Tips for School Administrators on How to Handle "Sexting"

March 1, 2010Articles

A high school boy receives, via text message, naked photos of his girlfriend from her. Later in the week, the boy shares the photos with several of his classmates, and forwards the text messages to several of his basketball teammates and others in the school. Before long, the building Principal becomes aware of the issue from various rumors, and in fact, the girlfriend comes to the Principal's office in tears, along with a friend of hers who had received the messages herself from the boyfriend.[1]

Now, how does the Principal handle this "Sexting"[2] issue after seeing the message on the friend's phone?

The purpose of this month's Education Law newsletter is to provide some basic tips on what initial steps the Principal should take after becoming aware of the sexting.[3]

Searching Student Cell Phones

All school building administrators should be or are familiar with the United States Supreme Court decision of New Jersey v. T.L.O., which held that school officials may search students (without a warrant), and not be in violation of the Fourth Amendment, as long as the search is reasonable, in that the search must be justified at its inception and reasonable in scope.[4]

In the instant factual scenario, the Principal can take a few steps to insure the searches of student cell phones complies with the Fourth Amendment.[5] Those include:

  • The Principal should look at the friend's phone to determine whether in fact the messages were sent from the boyfriend's phone. If the Principal makes that determination, s/he then likely has sufficient proof to search the boyfriend's cell phone.[6]

  • School systems should have a policy that explicitly prohibits sexting, and make it clear in such a policy that school administrators may search cell phones if they have reasonable suspicion that a search will reveal a violation of school rules.

  • Some schools are fortunate enough to have a prevention resource officer on site. Advise the resource officer of the situation, and s/he will have a different legal standard than that of T.L.O. to follow in searching students.

  • Ask for the consent of the student to search the cell phone.
Principal Confirms "Sexting", Next Step?

After the Principal confirms sexting has taken place, the Principal should do the following:
  • Contact the parents of all students involved, especially the girlfriend in the instant.

  • Immediately contact the police.[7]

  • Report the sexting to the West Virginia Department of Health and Human Resources under the requirements of reporting child abuse or neglect.[8]

  • The Principal should take steps to avoid continued distribution of the messages (i.e., confiscate the phones and provide to police).

  • The Principal should then discipline all students involved pursuant to the Student Code of Conduct, or other such similar policies, and be sure to protect the girlfriend (and others) from Bullying and Harassment (State Board Policy 2421).
As previously mentioned, it is recommended that county school board provide education to its employees, in particular building administrators, on the topic of "Sexting", as well as educating students. The scenario outlined above can and has happened in the past, and when it begins, it is difficult to stop the distribution of the messages. School building administrators need to be prepared for such an event given the need to act quickly, yet still not violate a student's Fourth Amendment rights.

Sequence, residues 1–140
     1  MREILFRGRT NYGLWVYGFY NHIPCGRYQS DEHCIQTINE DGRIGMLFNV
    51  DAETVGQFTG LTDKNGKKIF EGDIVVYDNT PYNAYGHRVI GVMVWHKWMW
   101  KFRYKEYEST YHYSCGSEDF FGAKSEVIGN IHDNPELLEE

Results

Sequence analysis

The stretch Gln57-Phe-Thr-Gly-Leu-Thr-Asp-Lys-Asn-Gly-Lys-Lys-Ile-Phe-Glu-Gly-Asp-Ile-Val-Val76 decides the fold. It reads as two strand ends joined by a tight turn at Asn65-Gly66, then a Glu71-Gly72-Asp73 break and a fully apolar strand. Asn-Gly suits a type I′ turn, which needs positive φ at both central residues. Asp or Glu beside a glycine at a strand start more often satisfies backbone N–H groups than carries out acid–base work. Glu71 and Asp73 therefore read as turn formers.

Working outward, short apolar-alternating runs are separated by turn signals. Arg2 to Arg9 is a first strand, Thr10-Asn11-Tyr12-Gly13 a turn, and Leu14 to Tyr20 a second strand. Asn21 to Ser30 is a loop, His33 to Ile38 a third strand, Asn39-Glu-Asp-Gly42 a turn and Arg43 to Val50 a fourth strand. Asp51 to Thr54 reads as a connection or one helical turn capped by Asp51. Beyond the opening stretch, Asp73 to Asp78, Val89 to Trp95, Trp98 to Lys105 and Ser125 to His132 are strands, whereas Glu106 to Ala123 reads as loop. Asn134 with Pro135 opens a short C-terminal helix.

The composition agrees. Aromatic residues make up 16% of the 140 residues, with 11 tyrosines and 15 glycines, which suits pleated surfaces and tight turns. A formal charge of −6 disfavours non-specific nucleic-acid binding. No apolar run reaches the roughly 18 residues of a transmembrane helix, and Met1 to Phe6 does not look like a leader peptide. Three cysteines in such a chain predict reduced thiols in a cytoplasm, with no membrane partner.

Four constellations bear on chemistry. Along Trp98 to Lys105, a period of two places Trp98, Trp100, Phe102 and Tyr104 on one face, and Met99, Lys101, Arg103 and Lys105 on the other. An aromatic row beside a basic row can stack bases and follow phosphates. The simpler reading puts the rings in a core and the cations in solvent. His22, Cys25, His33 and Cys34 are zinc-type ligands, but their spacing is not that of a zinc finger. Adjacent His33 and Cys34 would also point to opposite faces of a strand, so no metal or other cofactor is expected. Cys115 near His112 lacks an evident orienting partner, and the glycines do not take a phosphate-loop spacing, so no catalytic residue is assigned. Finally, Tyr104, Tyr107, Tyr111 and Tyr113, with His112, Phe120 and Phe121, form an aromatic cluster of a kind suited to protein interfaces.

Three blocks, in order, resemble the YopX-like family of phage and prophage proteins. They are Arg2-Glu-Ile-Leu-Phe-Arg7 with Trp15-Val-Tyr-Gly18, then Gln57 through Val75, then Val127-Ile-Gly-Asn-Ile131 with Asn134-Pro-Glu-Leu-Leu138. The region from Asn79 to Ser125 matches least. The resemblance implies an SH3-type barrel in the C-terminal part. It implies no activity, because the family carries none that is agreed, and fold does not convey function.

Should you have any questions on this issue or any issues please feel free to contact a member of Dinsmore & Shohl's Education Law Practice Group.

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(1) It has been reported that at least two female students have committed suicide after similar photos of themselves have been distributed.
(2) "Sexting" is known as the practice of students/teens forwarding sexually explicit images like that described above to themselves or their peers via text messaging.
(3) It is encouraged the school systems provide training on this issue to employees, adopt anti-sexting policies, and provide education to students.
(4) The Court stated, in relevant part, "a teacher or other school official will be 'justified at its inception' when there are reasonable grounds for suspecting that the search will turn up evidence that the student has violated or is violating either the law or the rules of the school."
(5) An example of a search that is a violation of the Fourth Amendment is as follows: Student "A" was caught using his cell phone in violation of school policy. The Principal confiscated the phone and begin calling students in Student "A's" phone directory to see if they would answer and be in violation of school policy. The Court ruled that the initial confiscation was legal, but the search of Student "A's" cell phone was a violation of the Fourth Amendment. Klump v. Nazareth Area School District, 425 F. Supp. 2d 622 (E.D. Pa. 2006).
(6) For additional discussions on search and seizure, see Dinsmore & Shohl's Education Law monthly newsletter, July 2009 ("Recent US Supreme Court Decision on Student Search and Seizure, Something Every School Administrator Should be Aware of").
(7) Students have been known to be prosecuted.
(8) The failure of a school administrator to report the same in Virginia led to charges being filed against him for failure to report suspected child abuse.